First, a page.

They all pay pretty close attention to us when we are out in the yard. The juncos in particular, probably because they like to build nests directly in my garden and I respond by giving them mealworms when their chicks hatch.

[edited for typo]


thanks for sharing this - brought back some nice memories for me

Where I live in Germany, rock climbing is heavily restricted during nesting season. It's a shame that those birds were disturbed, I hope they found a different soaked place.

i've got to wonder if the person who wrote this headline is aware of the satirical conspiracy theory:

https://birdsarentreal.com/products/birdwatching?variant=143...

https://birdsarentreal.com/pages/faq


My god I almost fell of my chair laughing!

>Recent studies show that 87% of Bird Poop in populated areas falls on people’s cars. Why is this? Confidential documents leaked in 2018 revealing that “Bird Poop” is actually a form of liquidated tracking apparatus. If you walk outside and notice some bird poop just “happened” to fall on your car, be aware that you are now being tracked by the United States Government


It's not a satirical conspiracy theory. It's a clothing company built around a joke that they wish to make viral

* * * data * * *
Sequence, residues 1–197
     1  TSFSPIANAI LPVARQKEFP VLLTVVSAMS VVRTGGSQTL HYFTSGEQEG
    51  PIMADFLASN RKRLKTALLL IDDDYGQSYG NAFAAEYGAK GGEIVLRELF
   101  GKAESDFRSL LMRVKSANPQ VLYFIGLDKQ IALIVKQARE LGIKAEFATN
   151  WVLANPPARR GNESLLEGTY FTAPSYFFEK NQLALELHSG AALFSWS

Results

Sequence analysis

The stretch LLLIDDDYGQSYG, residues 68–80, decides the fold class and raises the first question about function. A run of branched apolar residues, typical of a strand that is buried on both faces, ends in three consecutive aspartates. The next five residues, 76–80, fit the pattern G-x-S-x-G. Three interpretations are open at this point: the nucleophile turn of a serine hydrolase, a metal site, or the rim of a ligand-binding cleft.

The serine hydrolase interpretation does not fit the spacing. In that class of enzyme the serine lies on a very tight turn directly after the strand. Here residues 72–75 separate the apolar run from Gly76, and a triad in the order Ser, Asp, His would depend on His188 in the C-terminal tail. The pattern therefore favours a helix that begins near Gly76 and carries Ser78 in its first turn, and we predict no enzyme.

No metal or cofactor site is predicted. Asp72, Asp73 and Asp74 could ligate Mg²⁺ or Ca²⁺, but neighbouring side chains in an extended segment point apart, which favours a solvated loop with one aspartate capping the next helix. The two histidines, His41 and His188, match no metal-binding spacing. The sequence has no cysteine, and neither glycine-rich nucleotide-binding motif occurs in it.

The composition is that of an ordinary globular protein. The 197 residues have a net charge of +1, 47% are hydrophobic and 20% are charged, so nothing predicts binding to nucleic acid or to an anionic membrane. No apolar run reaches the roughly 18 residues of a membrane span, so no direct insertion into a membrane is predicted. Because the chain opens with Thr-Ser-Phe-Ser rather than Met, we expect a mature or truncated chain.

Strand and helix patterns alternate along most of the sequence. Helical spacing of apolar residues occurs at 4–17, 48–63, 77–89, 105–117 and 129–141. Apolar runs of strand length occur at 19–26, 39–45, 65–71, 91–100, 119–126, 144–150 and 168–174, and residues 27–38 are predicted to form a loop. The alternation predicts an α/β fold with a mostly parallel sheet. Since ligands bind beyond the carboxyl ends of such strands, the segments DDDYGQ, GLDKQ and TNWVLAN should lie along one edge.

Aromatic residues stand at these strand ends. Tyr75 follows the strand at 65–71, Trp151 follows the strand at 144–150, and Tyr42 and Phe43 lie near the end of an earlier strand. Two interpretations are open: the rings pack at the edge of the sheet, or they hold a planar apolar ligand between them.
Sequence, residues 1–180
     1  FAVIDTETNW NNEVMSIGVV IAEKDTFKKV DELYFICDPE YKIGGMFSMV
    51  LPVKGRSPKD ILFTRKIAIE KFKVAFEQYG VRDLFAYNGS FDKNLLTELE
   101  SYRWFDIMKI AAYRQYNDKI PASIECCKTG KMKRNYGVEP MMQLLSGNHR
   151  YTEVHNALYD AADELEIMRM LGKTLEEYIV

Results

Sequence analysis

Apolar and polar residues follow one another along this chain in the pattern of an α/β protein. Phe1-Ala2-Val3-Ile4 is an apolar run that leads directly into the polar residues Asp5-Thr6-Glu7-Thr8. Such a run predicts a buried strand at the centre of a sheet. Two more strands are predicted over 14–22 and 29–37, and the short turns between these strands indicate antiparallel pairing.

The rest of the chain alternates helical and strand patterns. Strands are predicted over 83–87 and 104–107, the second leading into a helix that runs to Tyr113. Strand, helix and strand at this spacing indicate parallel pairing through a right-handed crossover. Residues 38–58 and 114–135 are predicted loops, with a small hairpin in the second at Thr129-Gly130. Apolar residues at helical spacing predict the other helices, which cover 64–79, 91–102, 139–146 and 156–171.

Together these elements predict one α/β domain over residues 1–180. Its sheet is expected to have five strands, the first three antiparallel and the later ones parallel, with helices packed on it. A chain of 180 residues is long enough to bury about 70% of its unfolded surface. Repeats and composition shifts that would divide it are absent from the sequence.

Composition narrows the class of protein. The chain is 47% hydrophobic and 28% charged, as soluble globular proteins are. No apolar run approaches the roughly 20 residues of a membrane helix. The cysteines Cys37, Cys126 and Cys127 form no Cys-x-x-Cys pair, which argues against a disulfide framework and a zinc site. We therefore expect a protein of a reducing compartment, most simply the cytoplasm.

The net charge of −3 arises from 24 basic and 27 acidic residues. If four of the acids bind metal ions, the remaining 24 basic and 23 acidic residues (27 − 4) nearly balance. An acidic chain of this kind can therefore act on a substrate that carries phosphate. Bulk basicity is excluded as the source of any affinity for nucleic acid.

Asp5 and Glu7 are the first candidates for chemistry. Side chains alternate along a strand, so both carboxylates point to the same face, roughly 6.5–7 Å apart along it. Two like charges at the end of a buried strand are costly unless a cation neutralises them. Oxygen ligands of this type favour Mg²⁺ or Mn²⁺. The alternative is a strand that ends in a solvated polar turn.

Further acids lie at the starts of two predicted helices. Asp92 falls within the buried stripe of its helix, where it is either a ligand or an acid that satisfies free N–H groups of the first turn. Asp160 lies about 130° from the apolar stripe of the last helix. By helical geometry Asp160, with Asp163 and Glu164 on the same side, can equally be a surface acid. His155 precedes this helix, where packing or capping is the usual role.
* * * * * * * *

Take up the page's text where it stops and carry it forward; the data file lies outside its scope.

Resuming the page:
Oh hey, I own that shirt!

I get Cooper’s hawks at my bird feeders (eating the birds) sometimes and they are very perceptive. They can tell when I am watching them through the window and they get nervous and fly away.

New activity: let's go get watched by birds.

“My” flock of rainbow lorikeets, flock of sulphur crested cockatoos (with some corellas and galahs mixed in), and the ten (10!) baby and adolescent brush turkeys (and their father Doug) have watching me and my girlfriend locked down already! All in inner city Brisbane.

I’m spoiled that my backyard backs onto a patch of undeveloped scrubland. Baby brush turkeys are the cutest things in the world, and getting them out of my yard is cute, fun, annoying and quite silly!

Oh and never mind the Koels, Australian magpies, the butcher bird who’s claimed my roof as his territory and teaches his young to fly by zooming around my building as fast as they can go, and last but not least the dozens of noisy miners :)


Actually, it shouldn’t come as a surprise that animals in zoos enjoy watching the visitors, and that they miss that terribly during the pandemic.

If you gaze long onto the birds, the birds gaze also onto thee.

I wonder what the birds around the house think of my tastes in music.

No need to go anywhere, they’re watching you right now

Ornithovoyeurism.

So, it’s not only in Soviet Russia where birds watch you?

When I do yoga on my back deck, hummingbirds always come over and check me out. They're curious and bold! I think they recognize people but am not sure.

I've gotten to the point where I can tell the Anna from the Allen and have named the most bold and curious one Rufus. His ladyfriend being Chaka Khan.

Their mating dance is incredibly impressive- flys wayyyy up high above the ridge and then dive bombs strait to they ground and swoops up right before getting crushed. He does loud showy chirps at the top too to call attention to his aeronautical wonderbird prowess.


There's a lot of text here, not easy to identify the new content.



Guidelines | FAQ | Lists | API | Security | Legal | Apply to YC | Contact

Search: